Sat. Oct 1st, 2022

When I saw the preview for the movie “Burn After Reading” several months ago, I was immediately intrigued. Here was a preview that was playing one of the best songs by one of my favorite ridiculously obscure indie bands (“Grounds for Divorce” by Elbow). I’ve been waiting for months to see the movie that could possibly make me actually like Brad Pitt, and it did not disappoint, for the most part. Pitt certainly was funny, playing a ridiculous gym employee named Chad in Washington D.C. who discovers a disc filled with a CIA analyst’s memoirs. Pitt and his fellow employee, Linda, played by Frances McDormand, hatch a plot to use the memoirs as leverage to get money… aka commit blackmail. The movie starts out very funny – with the introduction of George Clooney as Harry, the insufferable ladies’ man who is sleeping with Malkovich’s wife, the staunch and decidedly cold Dr. Cox (played by Tilda Swinton). Sound complicated? It was. Everyone is sleeping with everyone else (as the CIA agents who are following this insane cast of characters aptly notes). Everyone ends up divorced and only one character actually achieves their goal.

Its hard to go wrong with such an all-star cast, and the movie actually did soften my feelings towards Pitt. Usually I shy away from any movie featuring him (I can’t help it, I think he’s all hype), but he was absolutely hilarious as the dim-witted Chad. Chad and Linda make a phenomenal team, attempting to sell the memoirs to the Russians. Why? Well, no one really knows. Clooney does an excellent job of playing a smooth ladies’ man, romancing four women, including his wife, in the movie. The movie veers off in an even more strange direction when Harry unveils his “gift” for his wife to Linda. What this gift was, well, this is a G-rated newspaper. John Malkovich’s Osborne Cox had a catchy signature line (“what the f***” was his most frequently uttered phrase) and was played to comic perfection as a raving lunatic wielding a hatchet and living on a boat. Tilda Swinton’s Dr. Cox, perfectly described as a “cold, hard b****” by most of the characters, was a physician I would never consider sending my child to.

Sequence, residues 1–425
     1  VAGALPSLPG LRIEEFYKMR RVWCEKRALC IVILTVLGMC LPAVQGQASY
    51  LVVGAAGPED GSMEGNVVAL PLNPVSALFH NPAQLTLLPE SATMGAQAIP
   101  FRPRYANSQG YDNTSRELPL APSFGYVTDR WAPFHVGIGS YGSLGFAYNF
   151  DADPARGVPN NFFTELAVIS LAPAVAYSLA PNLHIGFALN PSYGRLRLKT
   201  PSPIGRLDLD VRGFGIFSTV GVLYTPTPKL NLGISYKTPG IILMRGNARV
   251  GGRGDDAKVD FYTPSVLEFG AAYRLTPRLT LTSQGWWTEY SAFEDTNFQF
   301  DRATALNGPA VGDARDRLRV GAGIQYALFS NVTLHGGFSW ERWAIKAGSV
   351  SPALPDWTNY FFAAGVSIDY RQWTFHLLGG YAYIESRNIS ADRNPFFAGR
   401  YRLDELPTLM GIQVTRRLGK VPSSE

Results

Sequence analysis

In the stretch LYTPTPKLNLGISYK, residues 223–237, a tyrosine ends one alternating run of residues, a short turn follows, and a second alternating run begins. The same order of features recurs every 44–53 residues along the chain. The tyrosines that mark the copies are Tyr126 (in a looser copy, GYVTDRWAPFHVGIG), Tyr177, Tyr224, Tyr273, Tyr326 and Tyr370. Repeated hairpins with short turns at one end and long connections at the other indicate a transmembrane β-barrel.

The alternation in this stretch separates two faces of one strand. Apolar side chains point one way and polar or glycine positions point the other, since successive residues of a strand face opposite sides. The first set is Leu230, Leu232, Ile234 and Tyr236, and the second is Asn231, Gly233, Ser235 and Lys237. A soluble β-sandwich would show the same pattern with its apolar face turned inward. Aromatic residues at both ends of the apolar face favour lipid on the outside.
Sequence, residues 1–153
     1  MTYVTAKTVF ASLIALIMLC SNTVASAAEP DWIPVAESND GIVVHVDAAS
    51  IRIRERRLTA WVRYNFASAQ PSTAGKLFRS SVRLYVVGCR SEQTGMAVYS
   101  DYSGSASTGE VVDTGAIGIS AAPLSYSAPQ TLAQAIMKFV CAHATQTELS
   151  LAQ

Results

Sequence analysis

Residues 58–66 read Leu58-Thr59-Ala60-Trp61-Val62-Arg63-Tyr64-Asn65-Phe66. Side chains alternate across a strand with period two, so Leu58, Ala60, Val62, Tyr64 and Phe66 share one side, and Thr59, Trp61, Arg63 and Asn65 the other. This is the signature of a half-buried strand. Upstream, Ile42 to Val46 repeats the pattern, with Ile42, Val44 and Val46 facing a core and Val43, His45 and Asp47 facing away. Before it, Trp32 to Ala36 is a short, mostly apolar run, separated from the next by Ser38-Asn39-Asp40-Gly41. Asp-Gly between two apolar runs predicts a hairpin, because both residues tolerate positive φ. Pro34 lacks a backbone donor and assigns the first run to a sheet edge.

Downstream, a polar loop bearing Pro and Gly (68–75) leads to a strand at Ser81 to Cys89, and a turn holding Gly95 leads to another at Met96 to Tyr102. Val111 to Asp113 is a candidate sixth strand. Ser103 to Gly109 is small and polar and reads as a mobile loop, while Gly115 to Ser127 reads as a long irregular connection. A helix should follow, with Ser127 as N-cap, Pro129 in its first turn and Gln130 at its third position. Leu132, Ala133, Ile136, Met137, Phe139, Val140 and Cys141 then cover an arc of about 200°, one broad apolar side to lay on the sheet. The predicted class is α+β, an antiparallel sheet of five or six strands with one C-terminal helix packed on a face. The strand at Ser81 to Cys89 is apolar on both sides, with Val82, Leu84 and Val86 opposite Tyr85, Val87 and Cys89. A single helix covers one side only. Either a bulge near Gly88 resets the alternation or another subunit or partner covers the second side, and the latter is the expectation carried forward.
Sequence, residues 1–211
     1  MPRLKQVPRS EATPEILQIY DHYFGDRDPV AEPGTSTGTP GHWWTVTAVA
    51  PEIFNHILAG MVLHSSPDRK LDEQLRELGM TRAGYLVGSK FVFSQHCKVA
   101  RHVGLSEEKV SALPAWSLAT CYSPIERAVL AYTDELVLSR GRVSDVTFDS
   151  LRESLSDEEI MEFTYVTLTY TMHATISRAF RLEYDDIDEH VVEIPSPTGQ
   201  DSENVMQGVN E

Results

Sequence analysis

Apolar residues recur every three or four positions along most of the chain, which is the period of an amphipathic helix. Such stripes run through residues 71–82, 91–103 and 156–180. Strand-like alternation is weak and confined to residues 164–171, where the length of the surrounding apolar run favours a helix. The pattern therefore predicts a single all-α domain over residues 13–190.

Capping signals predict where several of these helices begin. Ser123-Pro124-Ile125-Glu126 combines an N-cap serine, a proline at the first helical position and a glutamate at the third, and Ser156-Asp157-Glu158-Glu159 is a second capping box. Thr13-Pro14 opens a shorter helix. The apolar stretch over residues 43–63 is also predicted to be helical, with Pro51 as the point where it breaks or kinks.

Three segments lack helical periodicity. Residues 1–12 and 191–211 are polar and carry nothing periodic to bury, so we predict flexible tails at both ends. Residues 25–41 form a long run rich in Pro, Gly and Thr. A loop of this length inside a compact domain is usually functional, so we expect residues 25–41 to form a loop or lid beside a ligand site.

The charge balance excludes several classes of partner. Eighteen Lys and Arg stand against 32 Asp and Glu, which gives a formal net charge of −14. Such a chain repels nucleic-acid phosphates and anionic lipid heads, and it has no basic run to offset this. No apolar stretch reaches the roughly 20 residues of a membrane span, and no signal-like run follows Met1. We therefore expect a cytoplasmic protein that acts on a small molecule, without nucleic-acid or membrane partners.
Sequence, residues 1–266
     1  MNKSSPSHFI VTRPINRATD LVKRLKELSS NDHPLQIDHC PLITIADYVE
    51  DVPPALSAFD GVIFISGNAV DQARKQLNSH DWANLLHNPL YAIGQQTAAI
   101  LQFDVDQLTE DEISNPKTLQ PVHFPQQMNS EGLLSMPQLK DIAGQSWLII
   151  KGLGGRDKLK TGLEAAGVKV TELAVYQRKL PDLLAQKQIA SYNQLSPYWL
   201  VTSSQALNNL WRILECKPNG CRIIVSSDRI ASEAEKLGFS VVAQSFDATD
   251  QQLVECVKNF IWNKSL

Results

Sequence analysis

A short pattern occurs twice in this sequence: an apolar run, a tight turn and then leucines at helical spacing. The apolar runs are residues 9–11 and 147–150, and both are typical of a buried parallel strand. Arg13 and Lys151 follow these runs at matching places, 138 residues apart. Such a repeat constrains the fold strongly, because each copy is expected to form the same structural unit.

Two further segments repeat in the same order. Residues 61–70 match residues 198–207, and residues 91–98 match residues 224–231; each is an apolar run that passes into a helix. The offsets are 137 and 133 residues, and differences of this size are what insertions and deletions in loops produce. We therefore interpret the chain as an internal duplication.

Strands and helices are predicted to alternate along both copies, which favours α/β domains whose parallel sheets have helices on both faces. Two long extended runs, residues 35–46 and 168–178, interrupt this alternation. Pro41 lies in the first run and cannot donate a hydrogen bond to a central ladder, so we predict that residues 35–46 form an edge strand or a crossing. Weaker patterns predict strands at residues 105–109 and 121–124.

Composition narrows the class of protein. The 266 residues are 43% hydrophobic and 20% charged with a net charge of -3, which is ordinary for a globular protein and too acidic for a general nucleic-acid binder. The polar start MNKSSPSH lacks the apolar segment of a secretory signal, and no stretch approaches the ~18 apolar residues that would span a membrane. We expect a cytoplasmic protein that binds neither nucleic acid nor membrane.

But the real star of the movie was Linda. Linda is the only character throughout the movie that seems to get what she wants.

She finds love in Harry, despite his marital status, and seems to be hatching a brilliant plot with her partner in crime, Chad. Linda is obsessed with getting plastic surgery, from the very beginning of the movie. She wants to sell the memoirs to finance her liposuction, breast augmentation, and face lift, amongst other procedures. She attempts to get the money for her “surgeries” any way she can, and is ultimately successful in this (thanks to the CIA who offer to pay her off so she doesn’t tell anyone what has transpired). More power to you, Linda.

One disturbing trend that “Burn After Reading” seemed to adhere to was the incorporation of extreme violence into comedies.

I knew that this movie was considered a dark comedy, but it turned out to be more of a “tragicomedy” than anything. If such a genre exists, this movie perfectly fits it. Without being a spoiler, several of the main characters end up dead.

I almost lost interest when one in particular was shot. To make matters worse, several more end up being served with divorce papers throughout the course of the movie.

Everyone is cheating on everyone. Osborne Cox’s bank accounts have been cleaned out, and the locks changed on his house.

Even the bumbling antics of the characters are eclipsed by the underlying tragedies occurring in each person’s respective life.

This seems to be a common theme in movies as of late. When I went to see “Pineapple Express,” I was expecting stoner antics (like the previews hinted at), but I was surprised when the movie escalated into a violent shoot-em-up film. “Burn After Reading” follows in this vein, with disturbingly graphic violence in several scenes.

The characters don’t seem capable of such acts from outward appearances, but they reveal different sides of themselves as the movie progresses. Only Linda seems to remain true to her personality.

The ending of the movie is possibly the most appropriate ending of any movie I’ve ever seen. The movie ends where it begins, at the CIA headquarters, with the agents who have been tracking the cast throughout the movie mulling over what has occurred. No one seems to know and, just like the CIA agents, the audience is left stumped.

However, I did not feel cheated. I felt like the Coen brothers were displaying a bit of genius with this ending.

While it may not make total sense, “Burn After Reading” is an intriguing movie with hilarious personalities played to a tee, and a hidden complex plot.

A definite must-see for those who don’t mind being led on a wild goose chase of epic proportions by some of the most talented actors and actresses of recent years.

Amanda Warren is a third-year student majoring in English. She can be reached at

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